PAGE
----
This Isn’t Just a Firewall, This… is a Web Application Firewallby Donna Toomey, November 3rd, 2016
Firewalls are, in technology terms, as old as the hills. There’s been more ‘next generation’ firewalls than musical genre’s in the 40 odd years they’ve been about. At their heart, they permit or deny packets entering or leaving a network and, useful as that is, little else. Each generation adds something new to the policy mix that decides upon what ‘gets through the door’ but a better informed bouncer is still just a bouncer. User identification, intrusion detection, time of day, footwear, bandwidth usage, hair style or TCP session state still don’t dictate whether something is safe or to be trusted.
Enter our ‘fixer’ who knows (or at least can learn) rather more about our punters and what they might be up to – the Web Application Firewall, or WAF. Forget who is allowed in, a WAF specifies what behaviours are acceptable and what are not once you’re inside the perimeter. With a WAF, application functions and input & output are what’s permitted or denied, not access.
This is clearly a more sophisticated and in-depth approach than a binary choice between permit or deny. It allows for fine-grained control and implementation of security policy in a more meaningful, dare we say natural way. If a web site only provides information to be read or downloaded, a WAF allows you to ensure no files are uploaded to the servers that provide it. Your servers might be using an SQL backend but that’s no reason clients should be including SQL queries in requests. In a nutshell, a WAF will protect you from a malicious user – one that your ‘network’ firewall has already let through, because it has no way of knowing the difference between that and a benign user.
The WAF module, available with our ALB-X advanced load balancer release, is the first we’ve released as a Docker container. This is a new, exciting direction and in keeping with our ethos, as simple as can possibly be. There’s no need for you to have to understand the intricacies of Docker or containers to use it. Because it’s a container the WAF can be installed and upgraded independently of the ALB-X software – no need to reboot. You can also run multiple WAF containers to apply different policies to different services and improve isolation. In short, there’s a whole lot of flexibility to exploit with this approach.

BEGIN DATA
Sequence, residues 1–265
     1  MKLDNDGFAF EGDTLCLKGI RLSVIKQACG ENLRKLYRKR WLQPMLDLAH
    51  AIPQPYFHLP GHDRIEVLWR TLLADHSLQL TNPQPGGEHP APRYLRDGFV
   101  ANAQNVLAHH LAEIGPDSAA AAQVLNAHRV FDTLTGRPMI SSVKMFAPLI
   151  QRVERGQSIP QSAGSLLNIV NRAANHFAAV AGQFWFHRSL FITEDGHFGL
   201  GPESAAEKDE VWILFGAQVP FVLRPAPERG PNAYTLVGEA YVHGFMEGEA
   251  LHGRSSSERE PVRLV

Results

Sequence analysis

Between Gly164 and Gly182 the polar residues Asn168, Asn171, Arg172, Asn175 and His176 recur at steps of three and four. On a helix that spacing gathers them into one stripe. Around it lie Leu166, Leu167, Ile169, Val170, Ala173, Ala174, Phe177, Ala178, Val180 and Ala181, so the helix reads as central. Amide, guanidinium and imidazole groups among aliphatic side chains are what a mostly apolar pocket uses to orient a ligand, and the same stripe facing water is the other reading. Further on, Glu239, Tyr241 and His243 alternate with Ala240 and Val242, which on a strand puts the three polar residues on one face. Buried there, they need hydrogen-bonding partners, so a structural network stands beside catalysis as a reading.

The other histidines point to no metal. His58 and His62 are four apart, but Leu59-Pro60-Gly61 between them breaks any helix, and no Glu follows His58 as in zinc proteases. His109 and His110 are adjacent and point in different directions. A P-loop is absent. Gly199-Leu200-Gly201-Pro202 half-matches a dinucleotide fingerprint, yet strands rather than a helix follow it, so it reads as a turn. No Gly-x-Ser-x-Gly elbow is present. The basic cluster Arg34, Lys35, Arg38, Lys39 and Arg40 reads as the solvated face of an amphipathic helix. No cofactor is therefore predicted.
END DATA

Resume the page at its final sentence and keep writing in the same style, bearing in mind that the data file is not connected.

In that vein there are a multiple implementation options available depending on whether you’d like to protect unencrypted or encrypted (HTTPS) traffic (which must be decrypted to allow for inspection). With HTTPS you can choose to re-encrypt the traffic before you send it on to a real server.
The WAF module does offer protection against poorly coded web based applications and their vulnerabilities but really, it shouldn’t be considered a one stop solution for badly written code with gaping holes; treat the cause, not the symptoms. Don’t forget, a joined up, in-depth approach is the best defence. Properly formulated cookies, flightPATH traffic management rules, appropriate HTTP Headers & restrictions and other tools in combination are far superior to a single seemingly impenetrable wall. Secure everything you can and true security might just follow.
Consider packets and traffic (IP addresses and ports), protocols, applications, services and transactions. Rely too much on protections for one single element and you’re probably in trouble. In the same cautious vein, keep in mind the following;
- As application aware as it is, a WAF can only do so much, it’s not aware of how your application works or your ideal of how it should.
- The WAF uses a common ‘rulebase’ which is based on a number of assumptions that may not be appropriate for your application (for instance file uploads are not permitted) – test appropriately using the default Detect mode before rolling out to production
- More recent innovations such as AJAX, HTML5 and others may not be accounted for or protected
As is the norm with most ALB-X features, the huge benefit of their implementation on ALB-X is that we only have to do this in one central place in order to protect all our servers. We don’t need to rely on developers or web server reconfigurations. Updating the WAF’s rule set (the list of unacceptable behaviours) takes just a few clicks too, and only needs to be done once no matter how many your running.
More information on the WAF can be found here and it is available to download now from our App Store – another exciting new development we encourage you to check out. There’s an in depth installation guide here.
A Web Application Firewall allows for fine-grained control and implementation of security policy, including the management of what’s permitted or denied in application functions and input & output.